Here we present 15 things to do in the rural area above Tokyo known as Chiba. From spectacular mountains, beautiful temples, Disneyland and more. Chiba has a magic to it, few other prefectures have.
You probably now have an image of the Heaven and Hell concepts surrounding this area, especially if you saw the mandaras in the museum. Well how about getting a hands-on, 3-D multi-sensory experience for yourself! Time to move on to Mandara Yuen for a modern and artistic representation of Tateyama’s Heaven and Hell! As it has indoor and outdoor experiences, going in fine weather is preferable.
Japan is filled with all kinds of different and unique fashion styles. From cosplay to bright colored looks, almost everyone does something unique with their clothing. It is different with mori girl. ‘Mori’ means forest, so the style choices are related to nature. Inspired by European country girl looks, the mori girl clothing presents the wearer of ‘forest fairy’. It takes a few similarities to Western boho style.
The Tateyama Museum of Toyama complex here offers a number of interesting facilities revealing Ashikuraji’s centuries as a religious centre. A day can be pleasantly spent strolling through time in this tranquil mountain village.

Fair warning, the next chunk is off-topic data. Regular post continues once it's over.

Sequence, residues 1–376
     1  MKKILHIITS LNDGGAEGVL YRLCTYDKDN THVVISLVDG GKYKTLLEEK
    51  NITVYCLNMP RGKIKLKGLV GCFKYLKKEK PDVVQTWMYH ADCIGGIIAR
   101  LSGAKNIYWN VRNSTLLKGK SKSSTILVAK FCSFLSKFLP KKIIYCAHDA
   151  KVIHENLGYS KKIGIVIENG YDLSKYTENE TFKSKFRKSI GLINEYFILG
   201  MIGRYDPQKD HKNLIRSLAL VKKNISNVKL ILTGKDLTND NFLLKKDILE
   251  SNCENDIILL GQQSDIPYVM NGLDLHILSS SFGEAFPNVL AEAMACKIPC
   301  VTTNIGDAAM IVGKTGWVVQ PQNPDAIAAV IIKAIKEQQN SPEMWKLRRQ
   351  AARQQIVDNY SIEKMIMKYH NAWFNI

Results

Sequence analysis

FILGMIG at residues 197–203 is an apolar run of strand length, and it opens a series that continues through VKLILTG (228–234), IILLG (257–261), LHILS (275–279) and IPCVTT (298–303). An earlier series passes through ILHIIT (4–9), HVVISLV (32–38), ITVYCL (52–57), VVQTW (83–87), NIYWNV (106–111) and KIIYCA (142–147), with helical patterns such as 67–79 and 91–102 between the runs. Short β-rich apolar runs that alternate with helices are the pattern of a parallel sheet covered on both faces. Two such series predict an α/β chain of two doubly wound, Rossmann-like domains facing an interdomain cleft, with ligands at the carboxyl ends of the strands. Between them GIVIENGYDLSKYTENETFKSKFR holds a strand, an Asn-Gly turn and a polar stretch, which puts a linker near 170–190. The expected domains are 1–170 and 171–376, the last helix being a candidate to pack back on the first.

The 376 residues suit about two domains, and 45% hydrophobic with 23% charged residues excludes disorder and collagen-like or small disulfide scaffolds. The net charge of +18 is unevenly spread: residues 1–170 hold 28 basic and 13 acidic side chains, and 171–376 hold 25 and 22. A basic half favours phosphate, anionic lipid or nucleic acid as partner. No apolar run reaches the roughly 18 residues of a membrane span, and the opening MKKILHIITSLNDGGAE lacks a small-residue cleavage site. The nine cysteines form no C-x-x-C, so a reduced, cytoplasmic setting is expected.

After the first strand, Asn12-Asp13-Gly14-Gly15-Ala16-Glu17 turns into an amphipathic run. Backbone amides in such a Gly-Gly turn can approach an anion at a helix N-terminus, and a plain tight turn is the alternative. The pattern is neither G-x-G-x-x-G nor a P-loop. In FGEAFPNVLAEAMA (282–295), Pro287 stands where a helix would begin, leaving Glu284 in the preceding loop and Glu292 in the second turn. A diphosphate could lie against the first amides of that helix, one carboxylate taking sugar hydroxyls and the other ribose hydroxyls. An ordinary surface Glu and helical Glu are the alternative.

Japanese Sake. Used for religious ceremonies, court festivals and drinking games, it has been an essential element in Japanese culture and tradition for a long time. However, it also has a dark side.
Established over 2100 years ago in the 7th year by Emperor Sujin, its rustic structures not only exude the antiquity of the site, but the sprawling territory housing approximately 40 small shrines within various sections is absolutely impressive. It is definitely worth visiting since it is known to be the head shrine in the largest shrine network in Japan that is comprised of about 4,000 shrines nationwide.
People cosplaying is always interesting to look at. It takes courage, confidence and a whole lot of boldness to nail playfully portraying someone (or something) else.
Kyoto is especially known for traditional sweets, particularly colorful (pink, green, yellow, beige, light purple) higashi dry confectionery shaped as leaves, flowers, fruits or Japanese crests, which usually accompany a bowl of matcha tea during tea ceremony.